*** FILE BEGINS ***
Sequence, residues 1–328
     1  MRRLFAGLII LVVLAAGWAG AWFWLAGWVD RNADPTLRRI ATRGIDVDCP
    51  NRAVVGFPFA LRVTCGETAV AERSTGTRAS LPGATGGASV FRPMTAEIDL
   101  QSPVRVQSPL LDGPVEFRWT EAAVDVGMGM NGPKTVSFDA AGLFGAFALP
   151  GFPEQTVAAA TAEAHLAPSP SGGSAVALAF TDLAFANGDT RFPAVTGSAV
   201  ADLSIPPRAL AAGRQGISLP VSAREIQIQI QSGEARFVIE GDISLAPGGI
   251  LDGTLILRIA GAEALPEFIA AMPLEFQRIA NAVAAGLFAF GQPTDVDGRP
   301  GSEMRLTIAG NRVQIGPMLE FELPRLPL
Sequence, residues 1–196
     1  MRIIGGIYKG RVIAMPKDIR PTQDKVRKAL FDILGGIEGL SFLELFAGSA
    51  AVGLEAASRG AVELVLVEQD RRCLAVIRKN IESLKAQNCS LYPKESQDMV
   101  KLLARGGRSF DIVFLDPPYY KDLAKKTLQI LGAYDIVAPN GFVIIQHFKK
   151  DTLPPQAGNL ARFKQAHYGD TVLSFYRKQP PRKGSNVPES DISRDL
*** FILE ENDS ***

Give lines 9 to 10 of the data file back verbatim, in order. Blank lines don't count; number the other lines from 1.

Sequence, residues 1–196
     1  MRIIGGIYKG RVIAMPKDIR PTQDKVRKAL FDILGGIEGL SFLELFAGSA